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L.M. Montgomery
Original name: Lucy Maud Montgomery
Birth: Nov. 30, 1874
Death: Apr. 24, 1942

Author. Born the only daughter of Hugh John Montgomery and Clara Woolner McNeill at Clifton, Prince Edward Island, Canada, she was known to her family as Maud. After the early death of her mother, she was sent to live with her maternal grandparents Alexander and Lucy McNeill who maintained the Post Office for the town of Cavendish on Prince Edward Island. She attended the Cavendish Schoolhouse and proved an exemplary student. Her earliest writing included hymns, poems, and sketches of her imaginary friends and her pets. Her fist publication came when she was 15, the Saskatchewan newspaper the Patriot, printed one of her poems. In 1893 she earned a teacher's certificate from Prince of Wales College in Charlottetown, Prince Edward Island and started teaching at the Number 6 one-room school in Bideford. She continued to take teaching positions even as she continued to write. She retired from teaching after five years in order to care for her widowed grandmother. Her first, and possibly most famous novel, Anne of Green Gables, was published in 1908. In 1911 she married the Reverend Ewan Macdonald and moved to Ontario where he had been assigned minister of St. Paul's Presbyterian Church, Leaskdale. The couple would have three sons. Montgomery initially resisted the idea of a sequel to Anne of Green Gables but ultimately, between 1909 and 1939, she wrote a series of five more books about the orphan: Anne of Avonlea; Anne of the Island; Anne of Windy Poplars; Anne's House of Dreams; and Anne of Ingleside. In 1923 she became the first Canadian woman to join the Royal Society of Arts in Britain. In 1935 she became a member of the Literary and Artistic Institute of France and was awarded Officer of the Order of the British Empire. She died of congestive heart failure in Toronto at the age of 67. Her body lay in state at her girlhood home; the inspiration for Green Gables, which had become part of the Prince Edward Island Provincial Park, established in 1937. In 1943 Canada declared Montgomery a person of national historic significance. Her most famous creation, Anne, has been translated into film about once a decade from 1919 onward. The Lucy Maud Montgomery Memorial Garden was established in Halton Hills, Ontario in her honor. (bio by: Iola)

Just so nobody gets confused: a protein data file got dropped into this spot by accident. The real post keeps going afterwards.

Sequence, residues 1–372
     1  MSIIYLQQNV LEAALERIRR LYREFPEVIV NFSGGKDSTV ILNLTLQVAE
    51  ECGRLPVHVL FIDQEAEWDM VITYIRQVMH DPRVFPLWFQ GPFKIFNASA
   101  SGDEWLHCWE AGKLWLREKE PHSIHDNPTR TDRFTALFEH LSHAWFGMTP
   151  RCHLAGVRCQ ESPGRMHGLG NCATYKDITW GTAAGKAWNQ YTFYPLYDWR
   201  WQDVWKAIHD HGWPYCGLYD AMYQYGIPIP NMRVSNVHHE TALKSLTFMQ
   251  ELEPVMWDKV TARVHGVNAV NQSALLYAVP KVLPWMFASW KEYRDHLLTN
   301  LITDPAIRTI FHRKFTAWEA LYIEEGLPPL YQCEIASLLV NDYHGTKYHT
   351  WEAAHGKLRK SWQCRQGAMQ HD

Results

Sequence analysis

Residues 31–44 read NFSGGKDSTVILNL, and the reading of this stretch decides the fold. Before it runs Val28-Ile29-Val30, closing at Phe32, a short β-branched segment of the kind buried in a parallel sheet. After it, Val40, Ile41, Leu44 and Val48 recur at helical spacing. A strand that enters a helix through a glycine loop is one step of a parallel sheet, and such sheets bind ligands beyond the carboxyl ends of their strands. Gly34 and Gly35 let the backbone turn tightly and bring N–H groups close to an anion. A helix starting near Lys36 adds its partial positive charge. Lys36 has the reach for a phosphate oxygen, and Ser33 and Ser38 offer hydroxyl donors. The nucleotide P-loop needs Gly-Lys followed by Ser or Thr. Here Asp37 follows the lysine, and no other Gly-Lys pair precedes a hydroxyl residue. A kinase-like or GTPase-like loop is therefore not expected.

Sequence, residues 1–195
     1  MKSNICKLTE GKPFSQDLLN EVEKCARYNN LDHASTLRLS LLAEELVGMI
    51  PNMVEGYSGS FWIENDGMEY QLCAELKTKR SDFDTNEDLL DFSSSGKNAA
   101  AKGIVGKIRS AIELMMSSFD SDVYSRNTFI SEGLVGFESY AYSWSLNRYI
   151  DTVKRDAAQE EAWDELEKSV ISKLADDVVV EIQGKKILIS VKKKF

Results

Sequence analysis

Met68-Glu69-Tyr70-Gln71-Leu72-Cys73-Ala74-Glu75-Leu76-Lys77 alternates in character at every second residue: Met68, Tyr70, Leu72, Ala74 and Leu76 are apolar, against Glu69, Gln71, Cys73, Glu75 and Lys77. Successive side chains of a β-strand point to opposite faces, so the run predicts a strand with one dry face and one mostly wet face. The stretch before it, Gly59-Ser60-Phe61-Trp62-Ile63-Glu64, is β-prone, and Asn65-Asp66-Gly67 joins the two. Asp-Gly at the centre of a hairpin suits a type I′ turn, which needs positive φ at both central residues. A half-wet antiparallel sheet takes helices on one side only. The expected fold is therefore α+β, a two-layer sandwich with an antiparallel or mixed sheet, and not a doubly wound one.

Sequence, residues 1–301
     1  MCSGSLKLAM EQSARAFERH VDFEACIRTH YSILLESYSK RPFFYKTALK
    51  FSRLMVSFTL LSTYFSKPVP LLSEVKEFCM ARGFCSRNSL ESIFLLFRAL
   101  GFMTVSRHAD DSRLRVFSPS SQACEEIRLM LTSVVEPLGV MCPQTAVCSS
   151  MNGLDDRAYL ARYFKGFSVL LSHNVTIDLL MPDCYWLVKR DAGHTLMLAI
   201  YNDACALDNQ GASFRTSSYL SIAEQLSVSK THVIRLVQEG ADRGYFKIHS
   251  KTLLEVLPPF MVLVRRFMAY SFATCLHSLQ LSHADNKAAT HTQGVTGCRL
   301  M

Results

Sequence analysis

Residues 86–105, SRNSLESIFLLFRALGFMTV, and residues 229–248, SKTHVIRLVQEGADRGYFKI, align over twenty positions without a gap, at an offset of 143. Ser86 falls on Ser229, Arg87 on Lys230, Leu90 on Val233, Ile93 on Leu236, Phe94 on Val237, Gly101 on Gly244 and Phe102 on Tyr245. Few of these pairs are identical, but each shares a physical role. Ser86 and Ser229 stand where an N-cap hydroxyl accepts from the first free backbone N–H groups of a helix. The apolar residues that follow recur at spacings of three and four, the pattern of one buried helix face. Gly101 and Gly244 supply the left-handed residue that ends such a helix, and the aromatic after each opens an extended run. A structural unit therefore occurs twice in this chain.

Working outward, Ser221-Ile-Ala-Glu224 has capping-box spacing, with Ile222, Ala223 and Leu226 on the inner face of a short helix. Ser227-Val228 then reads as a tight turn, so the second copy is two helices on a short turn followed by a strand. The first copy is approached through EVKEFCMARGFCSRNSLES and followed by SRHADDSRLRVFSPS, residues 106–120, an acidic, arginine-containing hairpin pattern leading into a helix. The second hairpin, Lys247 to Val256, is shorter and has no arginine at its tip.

Family links: 
  Clara Woolner MacNeill Montgomery (1853 - 1876)
  Ewan Macdonald (1870 - 1943)*
  Hugh Alexander Macdonald (1914 - 1914)*
*Calculated relationship
Cavendish Community Cemetery
Queens County
Prince Edward Island, Canada
Maintained by: Find A Grave
Record added: Sep 17, 1999
Find A Grave Memorial# 6363
L.M. Montgomery
Added by: Ruggero
L.M. Montgomery
Added by: Stephanie
L.M. Montgomery
Added by: Fred Dimond
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- mj
 Added: Apr. 24, 2015
Thank you
- Heather
 Added: Apr. 6, 2015
This flower (sugar candy) sounds like one that Anne would have liked.
- mld
 Added: Dec. 30, 2014
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